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Is there a consensus of preference between these two programming approaches? Could you please explain to me why, on pros`cons scale, for your chosen paradigm.

(i) A program has three functions that needs to be enacted on some input. It runs the first, gets a returned variable, runs the second with that variable and then does the same for the third. Finally printing the third's returned variable.

func1(){ return f1 }
func2(){ return f2 }
func3(){ return f3 }
main(){
fin=# of inputs
i=0
while i<fin
   first=func1(in[i])
   sec=func2(first)
   third=func3(sec)
   print(third)
   i++
}  

(ii) A program steps through a series of instructions, initially pushing the first domino from the main function.

func1(){ func2(newfrom1) }
func2(){ func3(newfrom2) }
func3(){ print(newfrom3) }
main(){
fin=# of inputs
i=0
while i<fin
   func1(in[i])
   i++
} 
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2 Answers

The only difference I see is that version 2 uses variables to store intermediate results.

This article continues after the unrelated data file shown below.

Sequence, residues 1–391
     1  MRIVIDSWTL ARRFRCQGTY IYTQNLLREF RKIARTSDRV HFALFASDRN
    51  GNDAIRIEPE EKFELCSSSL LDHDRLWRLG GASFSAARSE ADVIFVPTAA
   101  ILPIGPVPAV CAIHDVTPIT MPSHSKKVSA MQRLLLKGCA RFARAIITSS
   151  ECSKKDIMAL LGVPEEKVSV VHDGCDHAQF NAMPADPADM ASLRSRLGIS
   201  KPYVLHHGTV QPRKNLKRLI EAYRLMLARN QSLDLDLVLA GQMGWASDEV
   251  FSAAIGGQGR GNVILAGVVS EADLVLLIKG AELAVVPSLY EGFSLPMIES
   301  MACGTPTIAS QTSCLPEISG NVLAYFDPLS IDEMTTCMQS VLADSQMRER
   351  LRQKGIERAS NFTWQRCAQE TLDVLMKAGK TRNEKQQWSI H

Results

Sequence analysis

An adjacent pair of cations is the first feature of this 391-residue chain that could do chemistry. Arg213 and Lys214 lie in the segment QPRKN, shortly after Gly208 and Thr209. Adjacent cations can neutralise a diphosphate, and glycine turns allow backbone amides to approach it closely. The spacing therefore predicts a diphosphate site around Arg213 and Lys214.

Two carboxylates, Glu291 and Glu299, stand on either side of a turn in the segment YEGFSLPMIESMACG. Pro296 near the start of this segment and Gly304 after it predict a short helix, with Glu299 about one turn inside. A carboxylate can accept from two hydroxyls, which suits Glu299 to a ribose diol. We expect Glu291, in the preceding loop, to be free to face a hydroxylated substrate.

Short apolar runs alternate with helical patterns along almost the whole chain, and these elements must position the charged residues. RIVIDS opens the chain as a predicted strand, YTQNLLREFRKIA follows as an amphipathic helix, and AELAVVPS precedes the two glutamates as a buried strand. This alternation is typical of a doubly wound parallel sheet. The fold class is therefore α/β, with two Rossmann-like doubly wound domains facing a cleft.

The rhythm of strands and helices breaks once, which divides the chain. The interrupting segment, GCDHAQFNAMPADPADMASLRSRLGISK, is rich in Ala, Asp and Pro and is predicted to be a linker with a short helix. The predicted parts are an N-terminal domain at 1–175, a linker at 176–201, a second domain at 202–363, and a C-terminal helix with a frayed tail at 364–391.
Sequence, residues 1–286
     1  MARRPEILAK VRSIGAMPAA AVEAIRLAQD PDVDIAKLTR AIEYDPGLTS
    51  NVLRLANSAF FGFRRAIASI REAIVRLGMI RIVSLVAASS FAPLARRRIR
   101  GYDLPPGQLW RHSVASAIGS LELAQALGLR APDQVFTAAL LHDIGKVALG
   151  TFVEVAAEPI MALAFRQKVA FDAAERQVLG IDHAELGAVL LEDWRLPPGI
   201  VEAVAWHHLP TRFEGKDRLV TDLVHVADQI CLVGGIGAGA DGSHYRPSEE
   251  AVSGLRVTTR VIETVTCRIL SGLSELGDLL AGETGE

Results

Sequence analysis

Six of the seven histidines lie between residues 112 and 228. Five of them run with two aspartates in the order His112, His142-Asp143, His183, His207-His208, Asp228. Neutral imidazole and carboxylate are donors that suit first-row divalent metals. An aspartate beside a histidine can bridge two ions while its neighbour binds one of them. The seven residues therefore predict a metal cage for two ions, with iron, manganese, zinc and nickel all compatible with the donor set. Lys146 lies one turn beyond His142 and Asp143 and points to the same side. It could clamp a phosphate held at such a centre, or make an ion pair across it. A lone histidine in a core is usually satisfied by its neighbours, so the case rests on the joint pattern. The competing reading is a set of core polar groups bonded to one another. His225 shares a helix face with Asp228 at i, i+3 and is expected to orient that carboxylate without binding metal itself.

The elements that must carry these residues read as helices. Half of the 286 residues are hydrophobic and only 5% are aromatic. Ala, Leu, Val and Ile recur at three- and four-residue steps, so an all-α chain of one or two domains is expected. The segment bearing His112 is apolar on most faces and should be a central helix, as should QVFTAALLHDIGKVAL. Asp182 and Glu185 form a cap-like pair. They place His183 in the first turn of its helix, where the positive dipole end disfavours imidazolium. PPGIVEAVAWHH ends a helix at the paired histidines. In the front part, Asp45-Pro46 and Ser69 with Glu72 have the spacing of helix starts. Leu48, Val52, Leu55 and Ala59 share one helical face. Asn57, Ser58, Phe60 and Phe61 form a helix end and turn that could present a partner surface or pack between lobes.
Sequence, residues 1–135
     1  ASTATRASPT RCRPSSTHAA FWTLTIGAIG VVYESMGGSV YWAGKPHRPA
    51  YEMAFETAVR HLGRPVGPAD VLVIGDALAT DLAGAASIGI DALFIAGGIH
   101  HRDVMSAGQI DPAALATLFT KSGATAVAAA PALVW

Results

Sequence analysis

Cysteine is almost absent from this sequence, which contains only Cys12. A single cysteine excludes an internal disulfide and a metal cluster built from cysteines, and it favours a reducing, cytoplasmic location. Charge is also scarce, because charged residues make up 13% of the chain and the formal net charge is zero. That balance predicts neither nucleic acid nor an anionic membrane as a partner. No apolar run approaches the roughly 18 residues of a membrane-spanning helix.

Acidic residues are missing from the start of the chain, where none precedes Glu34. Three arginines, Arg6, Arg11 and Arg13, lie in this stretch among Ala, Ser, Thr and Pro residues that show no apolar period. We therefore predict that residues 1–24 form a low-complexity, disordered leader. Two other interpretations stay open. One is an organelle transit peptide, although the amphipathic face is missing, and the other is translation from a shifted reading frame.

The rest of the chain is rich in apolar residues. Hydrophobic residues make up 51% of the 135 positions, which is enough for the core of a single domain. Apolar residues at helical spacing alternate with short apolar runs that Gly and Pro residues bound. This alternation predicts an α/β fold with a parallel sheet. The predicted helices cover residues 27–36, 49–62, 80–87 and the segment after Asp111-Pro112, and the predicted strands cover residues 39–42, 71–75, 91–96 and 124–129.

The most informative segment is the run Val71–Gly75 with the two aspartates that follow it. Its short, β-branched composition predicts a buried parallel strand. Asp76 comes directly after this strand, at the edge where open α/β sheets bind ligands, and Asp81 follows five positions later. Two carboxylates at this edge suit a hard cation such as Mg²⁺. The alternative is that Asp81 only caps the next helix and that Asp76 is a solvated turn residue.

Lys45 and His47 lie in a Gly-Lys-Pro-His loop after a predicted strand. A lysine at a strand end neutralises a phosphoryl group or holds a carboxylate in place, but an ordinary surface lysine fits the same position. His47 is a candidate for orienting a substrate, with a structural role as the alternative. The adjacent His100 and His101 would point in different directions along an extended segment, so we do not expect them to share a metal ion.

So from a performance point of view, there should not be any difference, since a compiler would store these intermediate results in both versions in registers. But this can be checked by profiling.
But to me version 1 is more readable, and thus better.

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The first approach is more reusable - what if you want to do whatever it is that func1 does to something else later on, but you don't then want to do func2 and func3 on it? If func1 was written to call those for the first scenario then you have to go and change everything.

My preference is to try to identify 'operations' that make sense for a single function to do, write a function to do that, then for more complex things write another function which calls several of the smaller ones to achieve its ends. One then often finds some of those smaller functions find use elsewhere at a later date.

Yes this leaves me with more function calls, and possibly more temporary storage being used, but I let the compiler worry about that - if it proves to be a performance issue I'll deal with it then. Usually performance is hurt by other things though.

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